12      Jones concedes that the mere presence of police does not per se render the search a police search.  Instead, he argues that the extent of police involvement in this case exceeded that acceptable for a probation search.  In support of his position, Jones points to the following factors:  (1) the police accompanied Trimble to Jones’s home; (2) the police were conducting a separate investigation into Jones concurrently with the probation investigation; (3) the information leading to the search originated from police; (4) the accusation of sexual assault was based on circumstantial evidence in the form of a nude photo and love letters, rather than on an accusation by the minor child; (5) police officers attempted to open Jones’s bedroom door; (6) police suggested that a locksmith be called and offered to cover the expense; and (7) the evidence seized during the search was subsequently placed in the custody of the police officer who provided the tip leading to the search.

13      The circuit court referenced several historical facts including the following that contributed to its conclusion that the search was a probationary search rather than a police search.  Trimble received specific information from Pertzborn that, if true, would have been in Trimble’s opinion a violation of law and inconsistent with Jones’s rehabilitation.  For safety purposes, Trimble had police accompany her on the visit and she wanted officers to handcuff Jones because she had concerns about her safety.  In addition to being aware of Jones’s history of verbal conflict with prior agents, Trimble was aware that Jones’s criminal conviction included a firearms violation.  The fact that the door was locked with no key available, coupled with Jones’s initial denial that the room was his and his subsequent admission that there was a marijuana pipe in the room raised Trimble’s concerns further.  In particular, Trimble was concerned that, even though Jones admitted to the marijuana pipe, there may be weapons or other contraband in the room.

14      Jones’s mother, who unsuccessfully attempted to open the door, made it clear to Trimble that she did not want the door damaged.  A police officer suggested the use of a locksmith as a means of gaining access.  Trimble’s supervisor authorized the use of a locksmith, but indicated that DOC would not pay for it. The police department offered to cover the expense.  Once the door was open, officers briefly entered Jones’s bedroom to make sure that it was free of weapons or anything that might present a danger to Trimble. The police then vacated the room and Trimble searched the premises herself, without police assistance. Trimble collected and inventoried the items and took them back to her office.  At that time the police officers were unaware of what items were taken.  However, later in the day Trimble turned them over to the police, which is consistent with policy set out in the DOC manual.  Jones does not dispute these facts, and we conclude that the court’s factual findings are not clearly erroneous.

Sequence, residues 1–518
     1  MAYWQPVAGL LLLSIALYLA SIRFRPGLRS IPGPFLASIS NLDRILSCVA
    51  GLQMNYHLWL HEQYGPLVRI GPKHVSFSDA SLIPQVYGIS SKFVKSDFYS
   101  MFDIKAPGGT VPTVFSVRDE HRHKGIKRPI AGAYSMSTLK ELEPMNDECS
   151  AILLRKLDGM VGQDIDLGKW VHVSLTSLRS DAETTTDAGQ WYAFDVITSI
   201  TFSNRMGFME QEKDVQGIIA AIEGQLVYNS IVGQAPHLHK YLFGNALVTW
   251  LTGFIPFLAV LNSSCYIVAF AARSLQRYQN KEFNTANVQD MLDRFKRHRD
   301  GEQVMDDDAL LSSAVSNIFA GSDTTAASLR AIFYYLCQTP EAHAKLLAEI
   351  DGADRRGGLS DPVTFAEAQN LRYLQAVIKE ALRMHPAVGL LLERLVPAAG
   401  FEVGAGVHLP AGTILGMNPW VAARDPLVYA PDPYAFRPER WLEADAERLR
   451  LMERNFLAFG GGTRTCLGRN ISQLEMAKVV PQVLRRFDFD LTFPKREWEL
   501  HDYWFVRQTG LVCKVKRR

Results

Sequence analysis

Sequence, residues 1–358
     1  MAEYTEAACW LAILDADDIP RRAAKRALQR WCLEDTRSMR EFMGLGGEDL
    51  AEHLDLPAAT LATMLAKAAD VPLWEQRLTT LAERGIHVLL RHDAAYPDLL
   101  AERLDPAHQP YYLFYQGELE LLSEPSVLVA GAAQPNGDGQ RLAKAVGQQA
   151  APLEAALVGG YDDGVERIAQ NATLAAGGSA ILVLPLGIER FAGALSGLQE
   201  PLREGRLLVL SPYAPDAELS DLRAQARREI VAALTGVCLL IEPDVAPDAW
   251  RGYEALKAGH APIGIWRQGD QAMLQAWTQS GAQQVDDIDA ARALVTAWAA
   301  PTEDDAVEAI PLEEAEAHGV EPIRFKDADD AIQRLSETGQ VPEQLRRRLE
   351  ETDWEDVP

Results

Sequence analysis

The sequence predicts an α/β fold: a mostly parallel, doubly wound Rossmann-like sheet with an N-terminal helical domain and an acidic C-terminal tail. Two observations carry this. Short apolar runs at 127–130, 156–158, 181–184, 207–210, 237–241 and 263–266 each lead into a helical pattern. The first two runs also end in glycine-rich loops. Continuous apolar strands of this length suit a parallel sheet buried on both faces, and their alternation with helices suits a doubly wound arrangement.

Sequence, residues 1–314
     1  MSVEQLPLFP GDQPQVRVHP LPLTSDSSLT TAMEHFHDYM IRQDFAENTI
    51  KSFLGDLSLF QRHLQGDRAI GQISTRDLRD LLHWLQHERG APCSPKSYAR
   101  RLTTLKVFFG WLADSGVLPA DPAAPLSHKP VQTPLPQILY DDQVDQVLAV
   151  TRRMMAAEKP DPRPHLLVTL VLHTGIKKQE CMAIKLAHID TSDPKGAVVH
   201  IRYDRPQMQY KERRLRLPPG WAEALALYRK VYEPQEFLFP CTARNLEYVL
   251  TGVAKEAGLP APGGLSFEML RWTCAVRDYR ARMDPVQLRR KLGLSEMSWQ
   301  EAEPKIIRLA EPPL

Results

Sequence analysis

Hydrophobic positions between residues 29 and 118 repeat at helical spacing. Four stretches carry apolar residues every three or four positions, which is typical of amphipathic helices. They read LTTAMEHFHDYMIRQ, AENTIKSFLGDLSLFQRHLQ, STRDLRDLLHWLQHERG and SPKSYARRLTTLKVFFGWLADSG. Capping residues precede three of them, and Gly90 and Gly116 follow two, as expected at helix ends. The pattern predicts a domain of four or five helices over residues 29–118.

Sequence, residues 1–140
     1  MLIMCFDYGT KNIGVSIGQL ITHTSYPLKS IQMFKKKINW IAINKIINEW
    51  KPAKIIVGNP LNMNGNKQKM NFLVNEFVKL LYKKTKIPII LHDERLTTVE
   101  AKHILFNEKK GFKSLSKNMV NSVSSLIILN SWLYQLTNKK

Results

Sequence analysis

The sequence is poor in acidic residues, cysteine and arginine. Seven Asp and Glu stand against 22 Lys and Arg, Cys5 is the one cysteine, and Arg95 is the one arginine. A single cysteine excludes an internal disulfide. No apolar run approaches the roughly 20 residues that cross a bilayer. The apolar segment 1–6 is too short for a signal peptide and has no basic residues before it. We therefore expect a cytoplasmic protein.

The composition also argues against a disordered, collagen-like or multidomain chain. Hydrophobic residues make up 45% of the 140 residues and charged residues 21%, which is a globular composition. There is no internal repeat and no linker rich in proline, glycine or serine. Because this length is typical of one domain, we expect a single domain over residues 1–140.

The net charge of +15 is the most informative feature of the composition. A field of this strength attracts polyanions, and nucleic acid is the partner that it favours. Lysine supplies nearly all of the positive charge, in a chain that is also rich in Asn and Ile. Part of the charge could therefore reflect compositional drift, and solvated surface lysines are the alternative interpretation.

15      We conclude, based on the court’s factual findings, that the search of Jones’s room was a probationary search and not a police search.  Cooperation between a probation officer and law enforcement does not transform a probation search into a police search.  See Hajicek, 240 Wis. 2d 349, ¶32.  Indeed, cooperation with law enforcement for the purpose of preventing crime is a specific goal of probation supervision.  Id., ¶33.  A probation search is also not transformed into a police search because the information leading to the search was provided by law enforcement.  Griffin, 131 Wis. 2d at 57.  Nor is a probationary search transformed into a police search due to the existence of a concurrent investigation.  See Hajicek, 240 Wis. 2d 349, ¶¶5, 32.  Similarly, the transfer of the items seized to law enforcement following the search does not change the nature of the search itself.  The circuit court’s findings of historical fact clearly indicate that Trimble was present at Jones’s residence in furtherance of her responsibilities as his agent.  Trimble, not the police, initiated the search, and Trimble, not the police, conducted the search.